Updated: January 4, 2011 at 12:00 am
Two lessons emerge from last week’s storm: 1. Four-wheel drive trucks can’t defy physics; and 2. A video phone and talent can make a person rich.
Ian Smith, 20, was among those last Thursday who decided against driving stupidly, thus preserving his mother’s late-model Lexus SUV. Smith also had a phone on hand that could shoot high-definition video. As a student of the multimedia Full Sail University, Smith knew to keep the camera rolling and how to get the right shots. He’s prospering from a video of people who lost control on ice and snow . Some were caught off guard; others clearly thought their vehicles could defy gravity. No one, thankfully, was injured.(see video )
“Ian’s future is looking bright and financially set,” said Phillip Tapia, vice president of Colorado Springs-based Tapia Advertising , who is working as Smith’s new agent.
Smith’s opportunity began when he approached a steep stretch of South Carefree Thursday afternoon. He saw other vehicles sliding backward, crashing into one another. He took a less icy parallel street up the hill, parked near South Carefree, and rolled video with his Samsung Capitivate phone. Five days later, Smith has more than 500,000 YouTube views. He’s receiving national-media interview requests. Tapia is cutting licensing deals for Smith with ABC, NBC, CNN, the BBC, the show “Top 20 Most Shocking Videos” and at least one other show that runs on the all-reality network truTV. Smith was paid an undisclosed amount to post CheapoAutoQuotes.com directly under the video, and for a link to AutoCreditSolvers.com , a local service owned by Nevada Auto Sales . A national tire company wants the video for an ad. Traffic to Smith’s rap-music files , which are extraordinary, has also taken off as a result of the crash footage. (Hear Ian Smith's music )
“People are seeing his other work and liking it,” Tapia said.
The eight-minute crash video peaks after showing several cars sliding into others that have already crashed. Just as it seems abundantly obvious that efforts to climb the hill are futile, a white pickup with “4x4” decals approaches the hill. On video, Smith decries and fears the plans of the driver who’s about to help make him rich.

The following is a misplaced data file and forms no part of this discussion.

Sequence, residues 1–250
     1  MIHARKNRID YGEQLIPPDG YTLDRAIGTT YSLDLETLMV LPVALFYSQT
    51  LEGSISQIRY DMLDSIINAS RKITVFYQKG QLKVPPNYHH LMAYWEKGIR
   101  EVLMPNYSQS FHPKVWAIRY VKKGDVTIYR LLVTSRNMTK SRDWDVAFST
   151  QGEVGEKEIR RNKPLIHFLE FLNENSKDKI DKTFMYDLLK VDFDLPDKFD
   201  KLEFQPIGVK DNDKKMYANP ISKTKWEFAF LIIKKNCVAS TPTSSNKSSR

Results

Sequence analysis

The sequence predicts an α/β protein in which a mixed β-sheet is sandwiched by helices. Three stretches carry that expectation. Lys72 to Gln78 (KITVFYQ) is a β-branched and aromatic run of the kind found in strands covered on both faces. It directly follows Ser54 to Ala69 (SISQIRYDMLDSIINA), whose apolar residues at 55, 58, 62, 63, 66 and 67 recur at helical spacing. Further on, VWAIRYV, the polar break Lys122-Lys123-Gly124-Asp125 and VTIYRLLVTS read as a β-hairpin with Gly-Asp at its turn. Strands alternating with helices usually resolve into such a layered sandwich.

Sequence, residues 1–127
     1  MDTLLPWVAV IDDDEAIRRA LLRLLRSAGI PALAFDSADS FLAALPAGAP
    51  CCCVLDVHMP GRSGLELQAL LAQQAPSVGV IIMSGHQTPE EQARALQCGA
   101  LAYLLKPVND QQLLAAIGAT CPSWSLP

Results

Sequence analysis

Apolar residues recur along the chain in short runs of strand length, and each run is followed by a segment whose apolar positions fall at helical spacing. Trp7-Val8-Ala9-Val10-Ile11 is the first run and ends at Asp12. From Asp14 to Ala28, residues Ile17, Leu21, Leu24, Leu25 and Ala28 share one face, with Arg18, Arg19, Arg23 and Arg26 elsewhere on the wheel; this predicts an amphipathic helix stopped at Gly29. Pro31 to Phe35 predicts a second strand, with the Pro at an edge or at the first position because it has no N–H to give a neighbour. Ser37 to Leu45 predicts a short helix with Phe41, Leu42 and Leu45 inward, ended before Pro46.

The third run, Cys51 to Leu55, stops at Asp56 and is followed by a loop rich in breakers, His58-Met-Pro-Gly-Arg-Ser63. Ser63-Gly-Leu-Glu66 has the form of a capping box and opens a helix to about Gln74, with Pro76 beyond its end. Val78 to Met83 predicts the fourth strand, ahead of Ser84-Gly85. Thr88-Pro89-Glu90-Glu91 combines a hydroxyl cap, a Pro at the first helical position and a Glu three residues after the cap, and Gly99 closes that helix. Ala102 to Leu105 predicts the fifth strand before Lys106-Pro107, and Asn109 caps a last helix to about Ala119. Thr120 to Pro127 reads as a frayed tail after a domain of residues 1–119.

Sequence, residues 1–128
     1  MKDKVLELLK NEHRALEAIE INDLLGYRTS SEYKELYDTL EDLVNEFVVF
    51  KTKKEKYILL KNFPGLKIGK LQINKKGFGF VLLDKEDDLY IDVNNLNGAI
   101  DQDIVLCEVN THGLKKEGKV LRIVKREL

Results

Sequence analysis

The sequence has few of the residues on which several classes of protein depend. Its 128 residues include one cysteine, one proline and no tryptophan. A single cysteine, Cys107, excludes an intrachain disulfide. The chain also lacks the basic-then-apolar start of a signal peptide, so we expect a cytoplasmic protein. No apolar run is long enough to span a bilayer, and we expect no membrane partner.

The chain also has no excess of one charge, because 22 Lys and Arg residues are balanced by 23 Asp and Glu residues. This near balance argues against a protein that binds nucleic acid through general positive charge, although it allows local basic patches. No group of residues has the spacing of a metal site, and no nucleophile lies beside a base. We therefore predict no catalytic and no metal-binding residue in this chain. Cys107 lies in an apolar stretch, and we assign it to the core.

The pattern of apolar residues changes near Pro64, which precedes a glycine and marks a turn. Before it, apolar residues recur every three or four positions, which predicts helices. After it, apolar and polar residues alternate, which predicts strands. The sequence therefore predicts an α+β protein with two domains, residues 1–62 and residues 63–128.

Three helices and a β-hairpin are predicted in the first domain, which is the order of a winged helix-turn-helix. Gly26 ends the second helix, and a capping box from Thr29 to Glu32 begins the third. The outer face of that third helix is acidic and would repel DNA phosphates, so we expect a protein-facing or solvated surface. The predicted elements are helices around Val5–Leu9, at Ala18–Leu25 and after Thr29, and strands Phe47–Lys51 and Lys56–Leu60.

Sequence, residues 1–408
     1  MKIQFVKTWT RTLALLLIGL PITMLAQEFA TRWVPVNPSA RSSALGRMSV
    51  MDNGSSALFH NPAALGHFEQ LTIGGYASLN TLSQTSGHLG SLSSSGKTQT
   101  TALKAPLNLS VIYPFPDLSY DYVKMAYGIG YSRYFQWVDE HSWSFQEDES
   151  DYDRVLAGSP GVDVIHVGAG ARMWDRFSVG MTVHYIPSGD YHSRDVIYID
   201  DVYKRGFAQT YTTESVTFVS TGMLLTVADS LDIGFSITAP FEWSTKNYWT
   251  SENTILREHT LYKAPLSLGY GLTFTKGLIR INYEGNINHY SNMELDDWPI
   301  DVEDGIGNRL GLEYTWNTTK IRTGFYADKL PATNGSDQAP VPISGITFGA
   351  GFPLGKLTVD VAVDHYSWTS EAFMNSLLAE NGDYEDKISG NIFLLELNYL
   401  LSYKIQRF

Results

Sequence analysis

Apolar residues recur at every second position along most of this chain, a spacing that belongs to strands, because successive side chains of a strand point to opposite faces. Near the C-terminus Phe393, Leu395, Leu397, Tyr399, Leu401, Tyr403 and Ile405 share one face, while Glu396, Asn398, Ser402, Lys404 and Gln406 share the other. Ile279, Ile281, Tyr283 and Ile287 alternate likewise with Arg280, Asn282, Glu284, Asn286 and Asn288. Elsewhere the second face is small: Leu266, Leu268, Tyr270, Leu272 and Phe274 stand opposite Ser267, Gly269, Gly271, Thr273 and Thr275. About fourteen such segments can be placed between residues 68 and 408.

“His window was open,” Smith told The Gazette. “Everyone was yelling at him to stop. I guess he wanted to test the limits of his truck, or maybe he was ill-educated.”
The pickup driver nears the top of the hill and tries to go around a stopped vehicle. The driver revs the diesel engine. The truck begins sliding backward. It gains momentum and smacks three cars before a big final crash. Other cars dislodged by the pickup continue to slide and collide.
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“We tried to tell you dude,” yells an angry bystander.
“I’m an Oreo Cookie. I mean my car...” says a man who watched the truck sandwich his vehicle.
“It ain’t going to be worth much,” concedes a bystander.
“What the hell is wrong with you?” yells a woman to the pickup driver, who stayed in his truck.
For most on South Carefree, Thursday was nothing but trouble. For Smith, it was a day when tragedy collided with opportunity, ability and preparedness. In the Internet Age, that can mean a well-deserved, unexpected fortune.